Panasonic's ET5S is easy on the eye, although there's nothing really significant about its design either. The elegant display features a dark gray bezel with a transparent acrylic border, something similar to Samsung's Crystal Design when it was unveiled years ago. Panasonic's usage of edge LEDs also ensures the ET5S maintains a relatively slim profile with an average depth of 40mm, although it bulges up to 52mm at its thickest point. And as with most LED-based models, the screen is relatively glossy, but not overly reflective under the ambient lights. The silver-gray plastic base is equally nondescript, compared to more recent and flamboyant offerings like Samsung's Arc-Flow and LG's Ribbon stands found on their premium models. On the upside, Panasonic's pedestal stand offers a fair amount of stability to the 47-inch panel, plus it allows the screen to swivel as well. Interestingly, the TV's rather bulky built-in wireless adapter isn't integrated within the panel, but lies exposed behind the display (see image below).
Ports are aligned either by the side or in a downward-facing orientation behind the panel. The downward ports consist of an RF antenna terminal, optical audio output, VGA inlet, plus component and composite inputs. Breakout cables are provided for both analog jacks since Panasonic uses a proprietary configuration. The side panel features a formidable array of digital slots, including three USB and four HDMI 1.4a ports. As with Panasonic's ongoing tradition for their Viera range, you'll find an SD Card slot on the ET5S, compliant up to the SDXC format with a maximum capacity of 64GB. If you're planning to use the bundled pedestal stand, note that eight screws are required to fasten the panel - four for the base, and another four for the panel.
The remote (model:N2QAYB) looks very much like last year's model with little changes made. It still brandishes the same conservative design. However, the concisely labelled buttons and grip-friendly size does redeem it somewhat. Controls for Viera Link are located below, while dedicated buttons for 3D mode and Viera Connect (labelled as 'Internet' on the remote) are available on the wand as well.
Unfortunately, the ET5S was unable to reach Panasonic's server via our office network with a returned error code of 005. We've tried both wired and wireless connections to no avail. Manually updating the firmware via an SD Card to version 2219 didn't help either. According to Panasonic's tech support personnel, the issue probably lies with our network settings. However, we find it odd that the TV's network tests didn't produce an error when tried on both LAN and WLAN. Anyhow, we understand from the Japanese firm that little changes have been made to 2012's edition of Viera Connect, so there's little loss in this aspect. You may check out our reviews on previous Panasonic sets like the VT30S if you'd like to read up more on the Viera Connect platform.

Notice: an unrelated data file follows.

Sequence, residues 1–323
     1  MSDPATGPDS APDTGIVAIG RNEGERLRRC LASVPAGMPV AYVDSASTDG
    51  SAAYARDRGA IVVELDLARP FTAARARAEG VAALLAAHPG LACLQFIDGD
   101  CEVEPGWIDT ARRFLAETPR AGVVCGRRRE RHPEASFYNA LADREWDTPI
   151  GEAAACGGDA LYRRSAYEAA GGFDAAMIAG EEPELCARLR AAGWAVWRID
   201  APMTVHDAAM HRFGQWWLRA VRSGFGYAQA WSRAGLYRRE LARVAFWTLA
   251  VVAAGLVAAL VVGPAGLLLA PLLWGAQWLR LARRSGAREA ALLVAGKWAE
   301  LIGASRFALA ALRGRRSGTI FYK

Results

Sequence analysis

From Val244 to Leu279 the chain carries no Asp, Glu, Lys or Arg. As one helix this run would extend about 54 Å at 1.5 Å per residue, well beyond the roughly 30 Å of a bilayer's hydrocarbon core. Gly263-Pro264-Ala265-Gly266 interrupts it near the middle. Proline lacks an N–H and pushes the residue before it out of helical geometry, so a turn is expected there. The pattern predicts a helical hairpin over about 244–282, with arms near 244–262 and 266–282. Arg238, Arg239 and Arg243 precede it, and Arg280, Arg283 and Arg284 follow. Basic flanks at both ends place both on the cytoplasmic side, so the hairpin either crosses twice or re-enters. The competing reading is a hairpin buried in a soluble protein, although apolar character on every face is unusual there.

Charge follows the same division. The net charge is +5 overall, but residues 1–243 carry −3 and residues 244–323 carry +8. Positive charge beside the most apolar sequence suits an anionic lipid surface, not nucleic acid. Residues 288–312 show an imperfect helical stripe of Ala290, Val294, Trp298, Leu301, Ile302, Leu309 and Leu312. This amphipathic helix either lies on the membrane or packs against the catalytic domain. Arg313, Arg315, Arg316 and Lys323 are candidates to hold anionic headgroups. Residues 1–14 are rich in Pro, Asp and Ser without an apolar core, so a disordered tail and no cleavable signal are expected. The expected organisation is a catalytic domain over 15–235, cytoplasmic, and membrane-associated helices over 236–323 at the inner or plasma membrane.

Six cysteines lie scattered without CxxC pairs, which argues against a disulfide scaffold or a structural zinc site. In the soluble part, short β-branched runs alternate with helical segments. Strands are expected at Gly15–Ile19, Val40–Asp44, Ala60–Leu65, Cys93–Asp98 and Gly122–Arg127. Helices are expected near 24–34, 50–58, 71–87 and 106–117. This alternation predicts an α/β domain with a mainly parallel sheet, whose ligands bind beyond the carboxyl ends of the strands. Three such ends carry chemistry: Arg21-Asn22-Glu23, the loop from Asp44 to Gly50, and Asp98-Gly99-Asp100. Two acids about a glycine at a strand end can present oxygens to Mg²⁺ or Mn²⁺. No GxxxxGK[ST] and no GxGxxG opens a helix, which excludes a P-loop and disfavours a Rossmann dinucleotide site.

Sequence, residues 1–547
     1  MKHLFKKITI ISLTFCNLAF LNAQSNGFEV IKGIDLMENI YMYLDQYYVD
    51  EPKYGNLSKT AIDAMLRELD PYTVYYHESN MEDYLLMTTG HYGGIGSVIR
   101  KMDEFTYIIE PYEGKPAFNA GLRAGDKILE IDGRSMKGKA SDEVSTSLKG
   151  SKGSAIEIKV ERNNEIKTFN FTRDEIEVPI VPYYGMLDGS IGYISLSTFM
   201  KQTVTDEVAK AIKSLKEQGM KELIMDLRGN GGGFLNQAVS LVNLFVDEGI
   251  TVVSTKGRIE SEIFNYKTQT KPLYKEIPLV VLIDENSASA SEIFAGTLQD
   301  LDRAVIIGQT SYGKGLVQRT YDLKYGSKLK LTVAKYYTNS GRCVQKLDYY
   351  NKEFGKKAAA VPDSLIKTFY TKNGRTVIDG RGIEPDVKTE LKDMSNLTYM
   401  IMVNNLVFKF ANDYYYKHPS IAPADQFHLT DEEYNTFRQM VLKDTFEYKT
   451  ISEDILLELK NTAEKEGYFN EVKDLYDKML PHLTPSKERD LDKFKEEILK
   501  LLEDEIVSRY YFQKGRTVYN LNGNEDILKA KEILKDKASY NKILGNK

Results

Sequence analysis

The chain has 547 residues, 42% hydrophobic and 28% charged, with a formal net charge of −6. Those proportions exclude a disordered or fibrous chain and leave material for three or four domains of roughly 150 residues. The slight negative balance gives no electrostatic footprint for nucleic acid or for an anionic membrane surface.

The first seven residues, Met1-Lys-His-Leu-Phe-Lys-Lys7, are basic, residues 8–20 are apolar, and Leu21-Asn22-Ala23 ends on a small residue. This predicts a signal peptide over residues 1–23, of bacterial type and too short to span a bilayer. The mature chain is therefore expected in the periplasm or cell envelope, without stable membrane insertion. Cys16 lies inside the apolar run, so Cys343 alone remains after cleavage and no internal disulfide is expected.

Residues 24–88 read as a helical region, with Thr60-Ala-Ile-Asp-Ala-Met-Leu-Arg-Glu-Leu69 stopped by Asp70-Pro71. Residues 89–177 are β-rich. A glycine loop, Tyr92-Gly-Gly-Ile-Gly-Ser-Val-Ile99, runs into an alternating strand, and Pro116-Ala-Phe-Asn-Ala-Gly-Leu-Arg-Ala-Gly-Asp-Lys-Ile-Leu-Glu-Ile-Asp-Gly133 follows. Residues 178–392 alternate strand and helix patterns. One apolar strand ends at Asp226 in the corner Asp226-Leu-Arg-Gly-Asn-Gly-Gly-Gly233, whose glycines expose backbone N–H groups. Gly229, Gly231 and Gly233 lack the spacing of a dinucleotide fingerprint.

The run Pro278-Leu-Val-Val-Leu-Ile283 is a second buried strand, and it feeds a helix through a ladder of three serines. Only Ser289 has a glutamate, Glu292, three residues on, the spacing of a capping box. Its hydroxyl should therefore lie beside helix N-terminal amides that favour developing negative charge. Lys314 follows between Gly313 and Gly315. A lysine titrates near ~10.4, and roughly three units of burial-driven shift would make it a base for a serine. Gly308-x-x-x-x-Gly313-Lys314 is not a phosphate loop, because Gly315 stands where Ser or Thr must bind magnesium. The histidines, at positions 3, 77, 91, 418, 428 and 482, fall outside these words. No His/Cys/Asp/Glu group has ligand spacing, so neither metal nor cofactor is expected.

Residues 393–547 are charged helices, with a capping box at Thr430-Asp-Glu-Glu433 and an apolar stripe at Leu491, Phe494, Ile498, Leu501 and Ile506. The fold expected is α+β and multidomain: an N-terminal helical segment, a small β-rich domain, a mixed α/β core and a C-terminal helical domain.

Panasonic's Viera Remote app failed to detect the ET5S during our first few attempts, but it worked the next day for some reason. This touch-and-go characteristic can be annoyance if it surfaces time and again. Anyhow, there are a few basic attributes found on the app, such as the volume and channel controls which will come in handy should you lose the primary remote. Conversely, other features such as Cursor, Keyboard, Gamepad, as well as the 'tap-and-flick' option for media files are undoubtedly helpful, especially for users managing Smart TV attributes on the ET5S. Although most of its functions delivered as promised, Panasonic's DLNA-based Viera Remote is still very much dependent on your home wireless network, as compared to more convenient peer-to-peer transfer protocols such as Wi-Fi Direct available on rival TV sets. As an added note, ensure you've enabled the TV's DLNA and Network Remote features before attempting to use the app on your smartphone or tablet. Viera Remote is available on Google Play and iTunes.
The ET5 carries fewer picture presets, compared to Panasonic's THX-certified displays with professional ISFccc calibration adjustments. Basic options such as Dynamic, Normal, Cinema, True Cinema, and Game selections are available under Viewing Mode. As usual, the Dynamic preset offers exaggerated contrast and sharpness values for brightly-lit rooms, while the Normal mode is more ideal for viewing environments with softer ambient lighting. Unlike the Cinema mode tuned for darkened rooms, True Cinema aims to replicate the source's original picture quality with minimal adjustments, besides applying 24p compensation for film-based Blu-ray sources. Film Cadence Detection is also available with interlaced sources, except when used with the Game picture preset. This TV has a maximum refresh rate of 300Hz with backlight scanning enabled to eradicate motion blur. It can be triggered by setting Motion Picture Pro to 'Max'. Also note that advanced options like White Balance and Gamma need to be enabled via the Setup menu before they appear under the Advanced Settings - a bit of a trouble, but it's a one-time setup option if you need to tweak image quality settings to your heart's content.